At our Annual General Meeting on Tuesday April 5, our featured speaker was Richard Jordan presenting Ernest D. Banting and Life in Weston 1921-1973.
Ernest D. “Doc” Banting (1892-1973) was deeply involved in small town sports, municipal politics, the Orange Order, the effects of the Depression, the birth of Canada’s unemployment system, the role of service clubs like the Lions and, last but not least, temperance.
As we learned, “Doc” Banting was a salesman, a politician … and a bit of a rogue. A distant cousin to Dr. Frederick Banting, discoverer of Insulin, “Doc” was a shameless self-promoter, but a constant home-town booster in a career that spanned the 1920s to the 1970s.
The “Doc’ was an honorific title gained from his connection to his large Banting family of Cookstown, Ontario. He started his career in sales and ended up focused on politics. His attempt to move from town Councillor to Mayor never succeeded. His political aspirations led him to join The Orange Lodge and the Conservative party riding association as he felt this was necessary to advance in politics..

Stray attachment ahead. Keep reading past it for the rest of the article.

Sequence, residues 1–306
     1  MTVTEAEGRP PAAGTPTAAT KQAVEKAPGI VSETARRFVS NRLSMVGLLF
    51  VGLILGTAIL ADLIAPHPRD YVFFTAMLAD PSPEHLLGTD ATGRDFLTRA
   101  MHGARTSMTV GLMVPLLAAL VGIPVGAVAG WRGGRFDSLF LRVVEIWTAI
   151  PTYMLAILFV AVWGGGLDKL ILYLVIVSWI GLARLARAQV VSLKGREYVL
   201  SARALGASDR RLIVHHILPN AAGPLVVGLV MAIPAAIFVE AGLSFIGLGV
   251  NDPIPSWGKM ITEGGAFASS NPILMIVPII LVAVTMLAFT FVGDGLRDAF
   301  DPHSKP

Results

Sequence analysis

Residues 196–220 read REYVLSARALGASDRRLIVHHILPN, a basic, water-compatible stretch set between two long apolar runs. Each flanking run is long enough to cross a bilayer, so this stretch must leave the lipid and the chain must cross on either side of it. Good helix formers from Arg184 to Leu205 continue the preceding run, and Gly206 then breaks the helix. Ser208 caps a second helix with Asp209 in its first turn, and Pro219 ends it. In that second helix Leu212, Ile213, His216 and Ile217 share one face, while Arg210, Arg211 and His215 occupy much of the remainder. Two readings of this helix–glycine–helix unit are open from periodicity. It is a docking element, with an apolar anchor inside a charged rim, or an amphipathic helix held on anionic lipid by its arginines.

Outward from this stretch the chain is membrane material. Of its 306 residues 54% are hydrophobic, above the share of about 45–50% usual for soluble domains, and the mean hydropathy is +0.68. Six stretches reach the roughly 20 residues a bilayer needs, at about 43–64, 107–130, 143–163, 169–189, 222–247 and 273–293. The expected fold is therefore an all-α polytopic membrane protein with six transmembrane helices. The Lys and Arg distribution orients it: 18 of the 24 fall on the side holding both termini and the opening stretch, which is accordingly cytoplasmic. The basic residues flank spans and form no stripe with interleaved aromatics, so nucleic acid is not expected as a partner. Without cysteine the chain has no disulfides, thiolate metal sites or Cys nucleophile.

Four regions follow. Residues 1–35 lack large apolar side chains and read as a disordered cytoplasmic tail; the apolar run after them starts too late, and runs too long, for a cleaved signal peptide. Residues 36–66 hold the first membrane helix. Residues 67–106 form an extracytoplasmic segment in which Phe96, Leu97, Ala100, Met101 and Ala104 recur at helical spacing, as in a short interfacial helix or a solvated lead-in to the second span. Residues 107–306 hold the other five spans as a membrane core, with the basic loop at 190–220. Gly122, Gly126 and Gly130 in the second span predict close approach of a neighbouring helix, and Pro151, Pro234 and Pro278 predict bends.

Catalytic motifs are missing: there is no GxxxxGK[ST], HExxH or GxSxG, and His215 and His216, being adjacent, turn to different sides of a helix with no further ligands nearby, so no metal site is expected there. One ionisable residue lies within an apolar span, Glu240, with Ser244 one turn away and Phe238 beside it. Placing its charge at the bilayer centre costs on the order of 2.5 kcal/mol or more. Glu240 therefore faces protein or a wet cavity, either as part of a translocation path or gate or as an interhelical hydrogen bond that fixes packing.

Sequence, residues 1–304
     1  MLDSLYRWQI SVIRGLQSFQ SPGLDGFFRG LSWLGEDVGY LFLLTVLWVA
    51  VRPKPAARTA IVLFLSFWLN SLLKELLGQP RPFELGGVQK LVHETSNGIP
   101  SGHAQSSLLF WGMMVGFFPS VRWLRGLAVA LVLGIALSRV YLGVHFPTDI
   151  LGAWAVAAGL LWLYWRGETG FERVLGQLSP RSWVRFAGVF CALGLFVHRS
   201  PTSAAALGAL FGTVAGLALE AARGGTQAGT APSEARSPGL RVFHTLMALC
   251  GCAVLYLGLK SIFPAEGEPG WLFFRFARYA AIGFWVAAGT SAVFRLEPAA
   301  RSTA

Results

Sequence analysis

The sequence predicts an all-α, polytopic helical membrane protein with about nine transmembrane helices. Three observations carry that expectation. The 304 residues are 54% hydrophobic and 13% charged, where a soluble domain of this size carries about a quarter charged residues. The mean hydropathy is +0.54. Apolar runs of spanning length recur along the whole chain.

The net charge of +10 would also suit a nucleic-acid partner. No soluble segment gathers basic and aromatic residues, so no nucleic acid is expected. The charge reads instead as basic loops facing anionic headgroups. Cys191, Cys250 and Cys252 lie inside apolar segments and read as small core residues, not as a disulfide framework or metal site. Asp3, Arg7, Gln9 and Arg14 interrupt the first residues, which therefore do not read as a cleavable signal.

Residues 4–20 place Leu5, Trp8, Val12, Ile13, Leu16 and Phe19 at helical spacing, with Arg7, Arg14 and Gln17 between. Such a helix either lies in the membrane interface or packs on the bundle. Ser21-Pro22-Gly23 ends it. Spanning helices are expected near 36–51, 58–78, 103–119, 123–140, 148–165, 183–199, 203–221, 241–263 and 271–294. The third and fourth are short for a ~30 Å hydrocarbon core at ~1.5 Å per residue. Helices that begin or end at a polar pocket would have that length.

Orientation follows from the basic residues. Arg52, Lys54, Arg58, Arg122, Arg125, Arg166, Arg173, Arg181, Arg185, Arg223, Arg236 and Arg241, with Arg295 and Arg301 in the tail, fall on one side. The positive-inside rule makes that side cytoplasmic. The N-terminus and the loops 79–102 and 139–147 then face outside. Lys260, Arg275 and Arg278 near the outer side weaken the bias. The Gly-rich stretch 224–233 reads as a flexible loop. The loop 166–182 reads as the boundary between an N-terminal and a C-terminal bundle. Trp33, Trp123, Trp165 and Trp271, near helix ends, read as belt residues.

Ernest was deeply involved with sports, which started as a hockey player. He helped with the town school teams, beginning as lacrosse coach. This ultimately led to the creation of a town sports association. His response to the Depression included forming a Workingmen’s Club for the unemployed. The War years brought the security of unemployment insurance for its residents and, afterwards, Weston’s Lions Club built an arena and a swimming pool. He was truly a town booster.
Overall, Ernest Banting was a surprisingly versatile individual with many talents. He focused these talents on support for his town and of causes that meant something to him.
We won’t spoil the surprise ending of the presentation. Suffice it to say the presenter has an unexpected direct connection to Ernest D. Banting.